In the invention, incoming calls to subscribers having a most likely access point (a low mobility) are processed in a different manner in comparison with the processing of incoming calls to subscribers not having a most likely access point (because of having a high mobility). The calls addressed to a subscriber having a most likely access point are routed directly to the respective most likely access point of the subscriber instead of making register interrogations. As to the calls coming to a subscriber not having a most likely access point, register interrogations are made at first, and subsequently, the call is routed to the subscriber on the basis of the roaming number of the subscriber.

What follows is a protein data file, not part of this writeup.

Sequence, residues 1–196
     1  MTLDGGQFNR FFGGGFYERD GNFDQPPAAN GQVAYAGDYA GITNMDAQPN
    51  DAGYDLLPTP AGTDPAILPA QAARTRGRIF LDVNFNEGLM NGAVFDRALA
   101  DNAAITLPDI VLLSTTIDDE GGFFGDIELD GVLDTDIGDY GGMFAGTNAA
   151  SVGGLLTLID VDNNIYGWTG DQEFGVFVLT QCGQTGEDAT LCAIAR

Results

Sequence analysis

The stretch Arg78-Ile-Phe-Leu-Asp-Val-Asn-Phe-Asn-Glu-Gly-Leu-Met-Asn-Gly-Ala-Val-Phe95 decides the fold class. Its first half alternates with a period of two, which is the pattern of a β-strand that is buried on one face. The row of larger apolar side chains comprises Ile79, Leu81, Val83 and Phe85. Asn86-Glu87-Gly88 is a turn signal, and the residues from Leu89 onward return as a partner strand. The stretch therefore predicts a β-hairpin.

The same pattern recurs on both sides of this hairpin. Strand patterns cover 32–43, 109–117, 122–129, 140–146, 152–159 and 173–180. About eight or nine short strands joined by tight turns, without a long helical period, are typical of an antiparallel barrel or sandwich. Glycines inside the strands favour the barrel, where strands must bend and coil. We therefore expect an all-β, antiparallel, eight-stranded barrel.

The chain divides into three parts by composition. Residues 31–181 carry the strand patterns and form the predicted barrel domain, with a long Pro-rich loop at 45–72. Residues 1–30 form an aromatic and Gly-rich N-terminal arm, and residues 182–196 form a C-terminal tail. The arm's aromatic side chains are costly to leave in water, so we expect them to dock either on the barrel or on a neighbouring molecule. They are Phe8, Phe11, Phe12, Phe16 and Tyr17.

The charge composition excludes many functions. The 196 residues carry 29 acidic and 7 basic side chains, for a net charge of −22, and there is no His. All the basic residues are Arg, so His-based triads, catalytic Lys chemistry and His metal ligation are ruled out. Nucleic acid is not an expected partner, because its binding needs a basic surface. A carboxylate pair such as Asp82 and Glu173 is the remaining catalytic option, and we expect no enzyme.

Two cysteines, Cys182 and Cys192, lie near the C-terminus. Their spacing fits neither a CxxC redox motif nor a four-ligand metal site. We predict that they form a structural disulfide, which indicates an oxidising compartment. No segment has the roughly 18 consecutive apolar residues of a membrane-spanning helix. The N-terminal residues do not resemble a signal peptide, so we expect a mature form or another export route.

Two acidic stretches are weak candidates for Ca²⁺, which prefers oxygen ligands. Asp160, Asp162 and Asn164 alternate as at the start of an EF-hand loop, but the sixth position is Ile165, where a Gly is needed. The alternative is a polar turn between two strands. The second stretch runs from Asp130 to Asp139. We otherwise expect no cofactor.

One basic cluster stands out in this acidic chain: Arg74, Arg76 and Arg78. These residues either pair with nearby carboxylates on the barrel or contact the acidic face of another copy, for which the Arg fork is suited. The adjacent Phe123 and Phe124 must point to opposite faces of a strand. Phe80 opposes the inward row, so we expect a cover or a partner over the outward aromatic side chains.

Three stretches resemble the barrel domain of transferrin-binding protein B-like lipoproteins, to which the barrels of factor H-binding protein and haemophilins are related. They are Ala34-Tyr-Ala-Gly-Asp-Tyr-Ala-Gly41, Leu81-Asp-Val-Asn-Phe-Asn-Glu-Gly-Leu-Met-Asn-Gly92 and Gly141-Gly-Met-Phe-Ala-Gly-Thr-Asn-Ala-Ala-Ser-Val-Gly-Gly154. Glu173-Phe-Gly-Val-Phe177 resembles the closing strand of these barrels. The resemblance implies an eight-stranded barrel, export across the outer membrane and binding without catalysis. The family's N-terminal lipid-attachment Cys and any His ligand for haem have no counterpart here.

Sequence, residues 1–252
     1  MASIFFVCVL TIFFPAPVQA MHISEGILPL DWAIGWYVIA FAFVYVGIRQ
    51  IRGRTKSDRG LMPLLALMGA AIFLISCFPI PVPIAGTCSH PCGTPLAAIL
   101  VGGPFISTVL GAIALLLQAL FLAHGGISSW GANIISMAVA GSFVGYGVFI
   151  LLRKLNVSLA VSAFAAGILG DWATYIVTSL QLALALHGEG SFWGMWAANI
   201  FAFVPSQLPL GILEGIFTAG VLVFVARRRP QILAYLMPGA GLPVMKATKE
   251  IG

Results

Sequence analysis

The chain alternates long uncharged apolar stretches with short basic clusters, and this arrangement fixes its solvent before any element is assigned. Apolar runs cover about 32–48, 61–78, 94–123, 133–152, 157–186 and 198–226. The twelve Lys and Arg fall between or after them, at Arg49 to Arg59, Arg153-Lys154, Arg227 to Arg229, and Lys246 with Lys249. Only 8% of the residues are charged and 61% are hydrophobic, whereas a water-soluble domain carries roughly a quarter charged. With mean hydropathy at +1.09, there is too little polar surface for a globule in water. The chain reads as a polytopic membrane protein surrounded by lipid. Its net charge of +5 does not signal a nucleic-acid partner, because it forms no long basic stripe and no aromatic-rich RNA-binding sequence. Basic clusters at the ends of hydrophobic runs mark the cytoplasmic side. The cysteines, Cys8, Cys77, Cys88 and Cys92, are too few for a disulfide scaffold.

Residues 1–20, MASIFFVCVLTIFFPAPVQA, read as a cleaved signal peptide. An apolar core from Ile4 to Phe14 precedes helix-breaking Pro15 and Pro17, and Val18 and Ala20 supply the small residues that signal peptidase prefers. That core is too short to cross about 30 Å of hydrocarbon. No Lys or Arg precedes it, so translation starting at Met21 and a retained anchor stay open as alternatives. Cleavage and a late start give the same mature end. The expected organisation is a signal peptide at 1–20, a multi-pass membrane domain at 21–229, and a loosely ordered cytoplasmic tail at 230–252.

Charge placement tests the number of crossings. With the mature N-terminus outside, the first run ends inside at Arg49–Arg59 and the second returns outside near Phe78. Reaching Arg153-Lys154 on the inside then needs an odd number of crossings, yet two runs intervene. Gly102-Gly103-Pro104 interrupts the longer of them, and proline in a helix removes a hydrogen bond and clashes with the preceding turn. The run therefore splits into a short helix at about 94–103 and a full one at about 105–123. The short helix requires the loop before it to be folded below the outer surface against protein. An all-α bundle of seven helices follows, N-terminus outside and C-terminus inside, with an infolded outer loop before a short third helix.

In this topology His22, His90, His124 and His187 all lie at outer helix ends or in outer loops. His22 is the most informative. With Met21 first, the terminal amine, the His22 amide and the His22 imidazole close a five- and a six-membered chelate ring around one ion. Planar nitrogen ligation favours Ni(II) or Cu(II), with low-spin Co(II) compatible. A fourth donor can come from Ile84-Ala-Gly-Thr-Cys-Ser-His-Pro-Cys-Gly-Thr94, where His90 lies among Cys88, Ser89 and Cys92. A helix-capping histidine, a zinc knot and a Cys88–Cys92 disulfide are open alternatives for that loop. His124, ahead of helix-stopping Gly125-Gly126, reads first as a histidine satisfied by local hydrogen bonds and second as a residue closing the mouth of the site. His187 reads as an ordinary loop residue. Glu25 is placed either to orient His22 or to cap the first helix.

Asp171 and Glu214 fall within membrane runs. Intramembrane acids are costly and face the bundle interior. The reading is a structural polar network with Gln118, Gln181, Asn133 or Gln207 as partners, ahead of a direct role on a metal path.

In the telecommunications network according to the invention, the subscribers are distinguished from each other on the basis of information included in the subscriber numbers. The subscriber numbers of the subscribers having a high mobility do not contain any immediate information of as to the actual location of the respective subscriber, and no indication of any predetermined access point in the network, and require an interrogation to subscriber data bases before a call can be routed forward. The subscribers having a low mobility have subscriber numbers indicating permanently a predetermined access point of the respective network, due to which a call can be routed directly to the respective access point indicated by the respective subscriber number.